In late July, Google announced its first Simplicity Sprint, which aims for “better results in less time.” According to CEO Sundar Pichai, Simplicity Sprints will engage employees about working with increased clarity and efficiency; identifying which speed bumps could be removed for better, faster results; and how to take an entrepreneurial approach to eliminating waste.
Most of us don’t simplify our own work because we don’t know where to start. What should you simplify first? And how do you make time to do it? Also, how do you know what’s corporate red tape vs. work that you’re permitted to modify?
I asked these same questions a decade ago when I began interviewing people around the world for what became Why Simple Wins. Shockingly, I encountered very few solutions to workplace complexity. Other than the software methodology Agile and Lean Six Sigma — synonymous with large manufacturers in the ‘90s — organizations didn’t have many options for simplifying.
Today, you don’t need an army of project managers or expensive consultants to simplify your workday. All you need is the desire to make change — and a willingness to try the DIY sprints below.
1. Simplify any form/document/report that requires more than 30 minutes or three employees. Which documents, forms or reports are time-sucks for your org? Do you know if any other teams are duplicating the same effort or data? Find immediate opportunities to simplify by listing every form/document/report that takes more than 30 minutes or requires more than three team members to complete.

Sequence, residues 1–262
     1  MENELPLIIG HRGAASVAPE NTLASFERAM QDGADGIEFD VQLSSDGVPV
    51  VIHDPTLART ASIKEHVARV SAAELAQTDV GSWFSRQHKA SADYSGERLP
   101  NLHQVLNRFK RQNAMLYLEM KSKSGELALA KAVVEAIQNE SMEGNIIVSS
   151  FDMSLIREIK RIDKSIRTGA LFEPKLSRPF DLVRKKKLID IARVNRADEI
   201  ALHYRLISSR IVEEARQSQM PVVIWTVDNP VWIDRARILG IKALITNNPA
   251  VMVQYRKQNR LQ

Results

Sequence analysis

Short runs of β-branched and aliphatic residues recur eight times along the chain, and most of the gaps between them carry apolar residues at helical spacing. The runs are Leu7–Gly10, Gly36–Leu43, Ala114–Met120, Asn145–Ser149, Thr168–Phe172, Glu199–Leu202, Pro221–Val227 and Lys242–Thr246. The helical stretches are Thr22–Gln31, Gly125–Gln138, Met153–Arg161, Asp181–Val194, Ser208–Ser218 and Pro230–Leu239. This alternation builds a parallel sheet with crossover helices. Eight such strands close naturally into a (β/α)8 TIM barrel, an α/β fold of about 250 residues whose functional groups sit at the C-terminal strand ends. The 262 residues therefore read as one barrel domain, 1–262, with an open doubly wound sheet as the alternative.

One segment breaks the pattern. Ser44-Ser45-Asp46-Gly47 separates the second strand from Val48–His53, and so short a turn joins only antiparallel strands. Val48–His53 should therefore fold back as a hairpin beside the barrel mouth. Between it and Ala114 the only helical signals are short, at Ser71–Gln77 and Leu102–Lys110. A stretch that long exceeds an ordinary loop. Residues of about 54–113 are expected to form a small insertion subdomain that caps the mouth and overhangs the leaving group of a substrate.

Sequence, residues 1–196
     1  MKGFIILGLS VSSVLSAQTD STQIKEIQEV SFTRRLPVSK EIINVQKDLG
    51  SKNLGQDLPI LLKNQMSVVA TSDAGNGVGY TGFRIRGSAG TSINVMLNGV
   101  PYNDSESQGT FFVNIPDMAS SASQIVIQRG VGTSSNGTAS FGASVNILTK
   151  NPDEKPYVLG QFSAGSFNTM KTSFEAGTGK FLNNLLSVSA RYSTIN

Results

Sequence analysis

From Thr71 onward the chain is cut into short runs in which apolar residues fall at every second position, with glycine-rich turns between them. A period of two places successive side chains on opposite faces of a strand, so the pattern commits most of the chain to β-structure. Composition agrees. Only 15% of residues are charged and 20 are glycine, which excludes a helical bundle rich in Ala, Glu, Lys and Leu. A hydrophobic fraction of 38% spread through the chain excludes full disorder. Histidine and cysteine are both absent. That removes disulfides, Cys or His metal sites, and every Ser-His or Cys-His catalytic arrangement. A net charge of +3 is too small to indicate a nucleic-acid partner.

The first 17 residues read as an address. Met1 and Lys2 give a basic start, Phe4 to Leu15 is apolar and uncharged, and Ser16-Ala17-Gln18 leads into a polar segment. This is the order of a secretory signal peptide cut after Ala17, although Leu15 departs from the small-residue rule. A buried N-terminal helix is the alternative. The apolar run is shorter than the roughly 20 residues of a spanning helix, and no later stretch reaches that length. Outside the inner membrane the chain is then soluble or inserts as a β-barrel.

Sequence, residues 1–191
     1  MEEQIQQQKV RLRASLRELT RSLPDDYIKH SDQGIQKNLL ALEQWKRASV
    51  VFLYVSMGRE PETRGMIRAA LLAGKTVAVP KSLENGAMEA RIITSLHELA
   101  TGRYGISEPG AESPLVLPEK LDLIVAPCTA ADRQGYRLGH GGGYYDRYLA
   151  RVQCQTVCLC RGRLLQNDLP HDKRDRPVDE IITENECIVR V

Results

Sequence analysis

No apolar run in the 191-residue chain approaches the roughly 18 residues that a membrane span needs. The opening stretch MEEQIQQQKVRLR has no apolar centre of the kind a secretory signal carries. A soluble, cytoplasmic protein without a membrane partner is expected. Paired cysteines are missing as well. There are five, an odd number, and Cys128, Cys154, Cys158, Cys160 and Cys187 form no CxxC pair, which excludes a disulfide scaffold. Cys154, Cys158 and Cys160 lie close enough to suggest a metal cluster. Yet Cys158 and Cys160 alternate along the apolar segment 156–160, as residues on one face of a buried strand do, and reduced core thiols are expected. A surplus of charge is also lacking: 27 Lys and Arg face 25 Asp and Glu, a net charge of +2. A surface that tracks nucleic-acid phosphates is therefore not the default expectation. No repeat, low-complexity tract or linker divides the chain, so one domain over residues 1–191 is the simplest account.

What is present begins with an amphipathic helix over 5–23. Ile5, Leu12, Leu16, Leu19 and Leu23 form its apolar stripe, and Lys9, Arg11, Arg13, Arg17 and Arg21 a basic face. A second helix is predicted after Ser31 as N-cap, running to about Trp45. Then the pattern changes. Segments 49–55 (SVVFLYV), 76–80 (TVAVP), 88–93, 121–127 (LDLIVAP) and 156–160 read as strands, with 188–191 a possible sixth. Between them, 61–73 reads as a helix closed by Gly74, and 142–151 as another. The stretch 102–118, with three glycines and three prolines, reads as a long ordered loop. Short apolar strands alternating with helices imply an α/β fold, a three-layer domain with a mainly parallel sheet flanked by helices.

From here, decide which of these tasks could be streamlined, paused or eliminated. If you need buy-in from someone higher up, use solution-driven language to frame your request (i.e., “this change will enable our team to devote X number of weekly hours to strategic goals like Y or Z”). If no one misses the task by next quarter and there’s no negative impact, take action to delete it forever.
2. Encourage and reward employees who create workarounds that simplify a frustrating process or time-consuming task. When our employees create workarounds, it’s a sign that a process or system is slowing their workflow. Assuming no one’s health or safety is placed at risk, I’m a big fan of workarounds. They exist at the intersection of simplification and innovation as opportunities to empower team members and enhance organizational productivity.
To start removing bottlenecks and rewarding those who simplify your business, announce a monthly contest for the most effective workaround. Invite people from every area and level of your company — and remove entrant’s names/units from submissions to avoid bias from judges. The criteria for “most effective” will vary by your industry and org size, but make sure the reward for workarounds will actually motivate your employees.
3. Host weekly or monthly simplifying sessions. Invite employees and leadership to come prepared to identify one task, meeting or process that’s needlessly complicated or redundant. The goal is to eliminate, outsource or simplify as many of these tasks as possible during the session. Consider holding these gatherings onsite as a 4PM happy hour — free beer and snacks tend to encourage participation — or schedule them at the golden hour for your distributed teams.
Every organization wants better performance. And simplicity is your path forward. Starting with the three tactics above, you can begin carving away complexity and creating space for more meaningful work. Not only can you conduct these sprints virtually, in-person or hybrid, you can trade them for the unproductive meetings or reports that you and your team eliminate.